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Black Bird of the Gallows | Thoughts

5 Stars.

Black Bird of the Gallows surprised me. As a paranormal romance, it is a bit outside my genre but I've been in a slump with fantasy so no better time to branch out. From the second or third page I knew I was going to like it...which is admittedly a big leap to assume so early on. But I did, because I was laughing at Meg Kassel's writing. Clever, well-written, and just the right amount of cheeky, I knew immediately I was going to have no problem finishing, whether I liked the story or not. Thankfully, I did really enjoy the story.

Black Bird has a low fantasy setting with nothing seeming out of the usual in a small Pennsylvanian mining town. There's no world-building needed, and we get the tone of our characters' social standing in the first few chapters. Not part of the popular crowd (and not unhappy about that fact in the least), Angie and friends spend their free time putting musical talents to good use at local clubs, while also keeping them hidden from teasing bullies at school. Nothing appears out of the norm from any other high school or small town, except growing hints towards the supernatural. Crows gathering and following Angie around, a strange man with shifting faces...In a contemporary setting where there are strict rules of reality, the slightest notion of something paranormal can make big splashes.

I enjoyed Angie's character even if I never felt completely attached to her. Though we meet a few characters, the story focuses mostly on Angie and Reece, the new boy who moved into a vacant house next door. Although slightly cliche, Reece is the epitome of a high-school jock, sized up by Angie instantly as popular and out of her league. The book is filled with many basic stereotypes; band members are unpopular geeks, sports players and pretty girls are mean-spirited bullies. Set aside any ruffled feathers that these are all standard molds for a high-school drama, and you'll enjoy the nod to music and disc-jockeying. We follow Angie on the journey to learn more about her mother's death and the reasons she is afraid to show more than just her friends who she really is. I go back and forth with the idea that she needed Reece's criticism and approval to ultimately come out of her shell, because in this day I'll be damned if you say any woman needs a man to succeed. But sometimes it doesn't have to be a man helping a woman, it can be just that you needed a friend to help push you past your comfort zone - which is what Reece does.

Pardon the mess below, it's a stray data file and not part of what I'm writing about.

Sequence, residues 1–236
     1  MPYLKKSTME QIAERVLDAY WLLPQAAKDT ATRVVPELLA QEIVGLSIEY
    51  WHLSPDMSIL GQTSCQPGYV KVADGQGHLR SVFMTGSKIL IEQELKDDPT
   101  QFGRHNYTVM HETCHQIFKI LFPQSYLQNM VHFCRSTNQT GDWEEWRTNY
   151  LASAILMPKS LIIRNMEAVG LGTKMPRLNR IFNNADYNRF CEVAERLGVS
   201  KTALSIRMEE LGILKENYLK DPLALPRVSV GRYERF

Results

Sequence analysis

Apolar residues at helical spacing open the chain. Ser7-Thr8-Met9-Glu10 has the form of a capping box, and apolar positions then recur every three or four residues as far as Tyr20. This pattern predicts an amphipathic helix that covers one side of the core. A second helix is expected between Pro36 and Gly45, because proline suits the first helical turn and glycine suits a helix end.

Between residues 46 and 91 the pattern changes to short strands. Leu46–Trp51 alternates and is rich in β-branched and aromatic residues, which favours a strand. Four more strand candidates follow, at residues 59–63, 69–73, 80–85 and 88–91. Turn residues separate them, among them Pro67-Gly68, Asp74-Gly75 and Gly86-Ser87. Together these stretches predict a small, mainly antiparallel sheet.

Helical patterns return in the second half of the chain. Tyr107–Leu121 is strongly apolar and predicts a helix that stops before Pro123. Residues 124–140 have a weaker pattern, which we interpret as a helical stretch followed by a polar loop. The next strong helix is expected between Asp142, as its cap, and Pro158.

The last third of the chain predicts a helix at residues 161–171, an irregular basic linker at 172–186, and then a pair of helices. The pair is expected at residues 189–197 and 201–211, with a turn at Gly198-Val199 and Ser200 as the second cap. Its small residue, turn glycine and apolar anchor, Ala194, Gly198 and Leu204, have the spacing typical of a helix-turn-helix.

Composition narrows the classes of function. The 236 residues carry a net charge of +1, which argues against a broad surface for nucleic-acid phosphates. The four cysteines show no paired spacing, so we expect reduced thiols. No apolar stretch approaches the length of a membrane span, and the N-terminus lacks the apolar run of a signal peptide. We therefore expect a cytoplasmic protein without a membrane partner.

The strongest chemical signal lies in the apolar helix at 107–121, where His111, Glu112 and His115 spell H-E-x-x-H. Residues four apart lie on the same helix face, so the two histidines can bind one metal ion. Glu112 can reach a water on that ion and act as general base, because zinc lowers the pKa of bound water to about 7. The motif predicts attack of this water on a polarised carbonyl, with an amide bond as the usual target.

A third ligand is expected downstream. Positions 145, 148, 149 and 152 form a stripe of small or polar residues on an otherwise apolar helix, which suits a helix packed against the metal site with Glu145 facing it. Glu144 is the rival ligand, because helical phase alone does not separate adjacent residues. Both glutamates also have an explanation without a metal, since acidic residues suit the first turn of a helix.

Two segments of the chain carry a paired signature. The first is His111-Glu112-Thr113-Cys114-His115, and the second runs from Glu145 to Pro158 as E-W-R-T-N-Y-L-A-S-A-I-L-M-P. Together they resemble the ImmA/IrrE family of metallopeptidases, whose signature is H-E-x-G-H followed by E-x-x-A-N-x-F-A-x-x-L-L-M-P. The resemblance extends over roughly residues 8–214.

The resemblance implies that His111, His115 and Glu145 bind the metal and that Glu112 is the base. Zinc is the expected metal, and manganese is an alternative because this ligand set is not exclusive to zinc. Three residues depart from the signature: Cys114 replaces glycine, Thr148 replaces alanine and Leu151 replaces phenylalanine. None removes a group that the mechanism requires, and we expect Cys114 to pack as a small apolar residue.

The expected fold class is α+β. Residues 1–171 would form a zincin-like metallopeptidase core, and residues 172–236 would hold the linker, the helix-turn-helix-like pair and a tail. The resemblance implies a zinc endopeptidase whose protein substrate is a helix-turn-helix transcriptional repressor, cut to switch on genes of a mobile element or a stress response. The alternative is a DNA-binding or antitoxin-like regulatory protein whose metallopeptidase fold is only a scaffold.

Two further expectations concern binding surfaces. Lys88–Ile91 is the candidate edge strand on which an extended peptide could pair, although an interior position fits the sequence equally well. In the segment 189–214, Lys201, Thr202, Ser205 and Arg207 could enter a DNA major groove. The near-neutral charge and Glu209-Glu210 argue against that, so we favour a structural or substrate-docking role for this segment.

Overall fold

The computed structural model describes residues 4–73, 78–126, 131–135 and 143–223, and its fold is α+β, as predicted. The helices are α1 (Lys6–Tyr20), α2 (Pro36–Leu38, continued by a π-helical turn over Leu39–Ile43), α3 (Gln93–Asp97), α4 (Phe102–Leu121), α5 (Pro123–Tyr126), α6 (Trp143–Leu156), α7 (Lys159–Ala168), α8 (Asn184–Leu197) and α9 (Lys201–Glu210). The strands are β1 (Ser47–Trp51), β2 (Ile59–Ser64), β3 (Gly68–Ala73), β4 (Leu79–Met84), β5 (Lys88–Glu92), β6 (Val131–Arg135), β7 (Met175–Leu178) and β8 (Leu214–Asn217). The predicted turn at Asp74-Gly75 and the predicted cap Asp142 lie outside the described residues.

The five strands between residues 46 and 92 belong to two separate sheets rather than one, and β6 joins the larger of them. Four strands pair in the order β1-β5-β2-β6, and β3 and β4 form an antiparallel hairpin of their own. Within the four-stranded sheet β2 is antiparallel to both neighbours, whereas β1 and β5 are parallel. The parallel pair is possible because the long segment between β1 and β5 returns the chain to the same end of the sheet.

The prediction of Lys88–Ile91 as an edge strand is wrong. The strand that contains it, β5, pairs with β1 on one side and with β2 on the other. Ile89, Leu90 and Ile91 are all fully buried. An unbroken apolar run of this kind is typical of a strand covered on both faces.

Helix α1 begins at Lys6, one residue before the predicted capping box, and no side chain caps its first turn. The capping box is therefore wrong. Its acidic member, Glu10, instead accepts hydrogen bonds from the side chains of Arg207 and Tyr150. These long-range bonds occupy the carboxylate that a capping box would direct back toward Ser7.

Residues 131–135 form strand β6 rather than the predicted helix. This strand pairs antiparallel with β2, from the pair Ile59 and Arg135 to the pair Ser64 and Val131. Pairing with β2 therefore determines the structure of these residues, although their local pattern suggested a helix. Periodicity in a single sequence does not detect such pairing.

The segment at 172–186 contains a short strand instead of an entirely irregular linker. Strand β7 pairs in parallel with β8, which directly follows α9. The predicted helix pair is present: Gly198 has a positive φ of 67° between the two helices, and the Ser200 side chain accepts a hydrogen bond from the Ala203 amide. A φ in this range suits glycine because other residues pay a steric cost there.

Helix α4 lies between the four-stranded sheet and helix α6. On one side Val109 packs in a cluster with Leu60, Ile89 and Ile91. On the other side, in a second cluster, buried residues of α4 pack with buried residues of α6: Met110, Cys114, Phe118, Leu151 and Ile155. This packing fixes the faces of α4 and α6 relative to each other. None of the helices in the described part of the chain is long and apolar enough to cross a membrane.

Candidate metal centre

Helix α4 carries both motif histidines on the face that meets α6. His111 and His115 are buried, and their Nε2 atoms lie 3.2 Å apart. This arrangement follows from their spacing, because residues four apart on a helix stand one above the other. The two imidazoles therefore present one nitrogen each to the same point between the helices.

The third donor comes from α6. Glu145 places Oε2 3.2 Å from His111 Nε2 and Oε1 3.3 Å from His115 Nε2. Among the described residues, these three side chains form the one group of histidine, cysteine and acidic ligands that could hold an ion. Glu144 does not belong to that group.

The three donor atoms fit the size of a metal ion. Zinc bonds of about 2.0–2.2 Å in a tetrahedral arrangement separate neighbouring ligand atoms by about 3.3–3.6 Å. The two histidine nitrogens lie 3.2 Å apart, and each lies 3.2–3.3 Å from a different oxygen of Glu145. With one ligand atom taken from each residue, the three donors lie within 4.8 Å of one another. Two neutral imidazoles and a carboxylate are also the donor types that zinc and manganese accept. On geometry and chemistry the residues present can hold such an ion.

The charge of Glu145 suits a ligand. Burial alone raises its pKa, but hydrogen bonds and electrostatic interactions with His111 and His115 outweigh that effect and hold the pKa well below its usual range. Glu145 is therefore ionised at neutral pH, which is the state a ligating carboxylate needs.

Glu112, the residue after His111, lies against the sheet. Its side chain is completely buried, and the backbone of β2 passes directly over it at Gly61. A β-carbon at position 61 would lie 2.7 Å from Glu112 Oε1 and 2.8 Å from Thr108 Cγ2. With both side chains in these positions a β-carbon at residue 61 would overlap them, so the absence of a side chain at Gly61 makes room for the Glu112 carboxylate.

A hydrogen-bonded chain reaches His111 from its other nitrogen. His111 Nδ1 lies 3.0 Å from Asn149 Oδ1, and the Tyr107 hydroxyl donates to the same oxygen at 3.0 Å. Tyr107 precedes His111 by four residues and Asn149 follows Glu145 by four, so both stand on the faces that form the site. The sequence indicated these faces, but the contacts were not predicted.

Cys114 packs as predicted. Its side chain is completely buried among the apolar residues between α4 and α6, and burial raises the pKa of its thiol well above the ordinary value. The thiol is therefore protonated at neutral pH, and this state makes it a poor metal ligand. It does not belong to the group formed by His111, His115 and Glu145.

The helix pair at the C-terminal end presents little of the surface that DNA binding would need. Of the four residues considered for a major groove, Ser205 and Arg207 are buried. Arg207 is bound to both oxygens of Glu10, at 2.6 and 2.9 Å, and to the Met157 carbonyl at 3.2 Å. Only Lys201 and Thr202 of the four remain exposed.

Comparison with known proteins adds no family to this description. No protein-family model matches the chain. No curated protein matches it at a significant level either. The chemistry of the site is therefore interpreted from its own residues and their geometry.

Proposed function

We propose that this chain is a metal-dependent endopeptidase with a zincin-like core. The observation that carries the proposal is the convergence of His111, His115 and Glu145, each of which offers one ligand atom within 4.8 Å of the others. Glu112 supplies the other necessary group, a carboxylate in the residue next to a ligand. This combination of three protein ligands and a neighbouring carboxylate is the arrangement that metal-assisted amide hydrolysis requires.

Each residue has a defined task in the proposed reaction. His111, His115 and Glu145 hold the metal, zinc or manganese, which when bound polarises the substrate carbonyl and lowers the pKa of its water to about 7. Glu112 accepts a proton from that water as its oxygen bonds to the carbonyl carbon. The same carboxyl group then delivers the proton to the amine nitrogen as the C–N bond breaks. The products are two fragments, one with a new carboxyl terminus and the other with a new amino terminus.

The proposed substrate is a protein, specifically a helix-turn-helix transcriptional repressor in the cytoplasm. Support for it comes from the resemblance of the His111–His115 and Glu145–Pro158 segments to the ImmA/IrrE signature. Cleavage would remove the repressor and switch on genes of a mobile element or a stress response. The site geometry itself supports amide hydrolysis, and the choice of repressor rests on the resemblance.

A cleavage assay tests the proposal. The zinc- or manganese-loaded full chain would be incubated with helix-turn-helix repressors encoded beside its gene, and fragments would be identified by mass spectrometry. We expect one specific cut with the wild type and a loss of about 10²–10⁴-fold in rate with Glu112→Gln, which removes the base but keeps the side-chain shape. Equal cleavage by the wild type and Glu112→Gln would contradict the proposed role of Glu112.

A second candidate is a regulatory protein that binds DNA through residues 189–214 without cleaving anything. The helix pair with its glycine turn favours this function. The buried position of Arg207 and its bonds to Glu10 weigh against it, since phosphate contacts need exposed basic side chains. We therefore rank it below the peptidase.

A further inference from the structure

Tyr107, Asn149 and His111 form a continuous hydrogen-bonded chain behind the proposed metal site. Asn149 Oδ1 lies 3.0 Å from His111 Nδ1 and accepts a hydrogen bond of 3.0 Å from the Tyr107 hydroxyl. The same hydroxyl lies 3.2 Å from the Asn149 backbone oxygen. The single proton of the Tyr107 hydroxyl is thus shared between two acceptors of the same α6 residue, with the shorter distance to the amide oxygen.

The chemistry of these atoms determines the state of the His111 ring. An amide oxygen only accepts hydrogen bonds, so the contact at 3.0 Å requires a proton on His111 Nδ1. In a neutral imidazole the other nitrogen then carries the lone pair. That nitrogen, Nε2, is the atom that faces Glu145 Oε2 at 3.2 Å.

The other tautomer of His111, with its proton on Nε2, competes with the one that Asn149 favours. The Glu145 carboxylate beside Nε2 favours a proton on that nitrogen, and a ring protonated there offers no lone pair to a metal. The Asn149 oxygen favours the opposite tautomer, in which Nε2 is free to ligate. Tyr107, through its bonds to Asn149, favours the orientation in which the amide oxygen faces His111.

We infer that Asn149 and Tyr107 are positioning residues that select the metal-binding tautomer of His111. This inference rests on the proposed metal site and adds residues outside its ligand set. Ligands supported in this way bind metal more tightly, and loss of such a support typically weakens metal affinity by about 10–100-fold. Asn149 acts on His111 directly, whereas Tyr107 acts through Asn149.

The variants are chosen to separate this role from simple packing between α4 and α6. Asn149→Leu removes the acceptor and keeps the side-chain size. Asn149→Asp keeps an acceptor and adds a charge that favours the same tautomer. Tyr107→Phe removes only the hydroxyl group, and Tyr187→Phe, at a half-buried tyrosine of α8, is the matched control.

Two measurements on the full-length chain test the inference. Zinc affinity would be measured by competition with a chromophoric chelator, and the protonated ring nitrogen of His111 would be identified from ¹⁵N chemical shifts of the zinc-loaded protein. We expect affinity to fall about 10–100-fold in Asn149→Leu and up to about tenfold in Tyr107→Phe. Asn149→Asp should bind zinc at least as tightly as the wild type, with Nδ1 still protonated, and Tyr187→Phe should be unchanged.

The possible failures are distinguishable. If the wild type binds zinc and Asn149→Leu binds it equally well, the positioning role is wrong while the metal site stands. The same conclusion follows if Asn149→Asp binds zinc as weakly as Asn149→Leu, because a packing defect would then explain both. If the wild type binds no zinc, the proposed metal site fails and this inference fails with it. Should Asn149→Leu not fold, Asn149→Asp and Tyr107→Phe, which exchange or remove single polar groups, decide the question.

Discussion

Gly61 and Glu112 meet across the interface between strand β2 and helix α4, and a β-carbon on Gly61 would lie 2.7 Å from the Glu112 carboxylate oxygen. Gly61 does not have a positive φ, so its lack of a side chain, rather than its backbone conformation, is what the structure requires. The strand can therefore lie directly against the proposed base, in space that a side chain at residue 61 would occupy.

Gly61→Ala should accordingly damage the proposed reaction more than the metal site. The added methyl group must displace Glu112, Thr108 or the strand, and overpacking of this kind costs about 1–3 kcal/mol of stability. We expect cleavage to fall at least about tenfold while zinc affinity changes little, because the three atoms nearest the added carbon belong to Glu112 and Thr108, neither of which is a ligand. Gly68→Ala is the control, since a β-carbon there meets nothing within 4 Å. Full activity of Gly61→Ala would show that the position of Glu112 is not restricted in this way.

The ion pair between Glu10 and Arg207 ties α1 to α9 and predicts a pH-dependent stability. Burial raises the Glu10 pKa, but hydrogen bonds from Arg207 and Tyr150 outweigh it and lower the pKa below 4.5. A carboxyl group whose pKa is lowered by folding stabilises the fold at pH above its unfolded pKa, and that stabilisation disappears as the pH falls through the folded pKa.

This is a romance, so nearly every scene hinders on some form of encounter with Angie and Reece. I didn't mind, especially as most of those scenes are tied neatly in with the advancement of paranormal activity. Perhaps I have just missed out on the creative idea of harbingers of death, but it's a unique twist in a YA world full of vampires, werewolves, and fae. Not to mention the Beekeepers...beings that take on the faces of their victims and spread a disease of madness? Delightfully creepy, and Reece is just the right amount of dark, without too much brooding. I was also pleased that big chunks of the story did not revolve around the typical "we can't be together" angst; if there were any brief thoughts of the like, they were quickly put aside in adopting a "live in the moment" mentality. 

As I said earlier, the writing is what sold me from the beginning. I was reminded of Kendare Blake's writing style in Anna Dressed in Blood, with the camaraderie I felt to the group of friends and the laughs I had at the wit. The story is well-paced, with a steady flow of reveals and twists so I was never bored. There are some moments in dialogue that info-dumped slightly, but not to a point that interrupted the flow of conversation. I found no editing issues to dwell on, the plot is neat and the story wraps up cleanly. If it does conclude a little too nicely with all the ends coming together happily...well I don't mind that either in a YA world fond of ripping out our hearts. Now and then I need a standalone without the frustration of an unnecessary cliffhanger, and I loved how Black Bird of the Gallows ended, and ended well. That said, I could very well see Angie and Reece's story picking up to continue the hunt to end a curse, encountering even deadlier and older magic. I would go on the next adventure with them.

Virginia DeFeo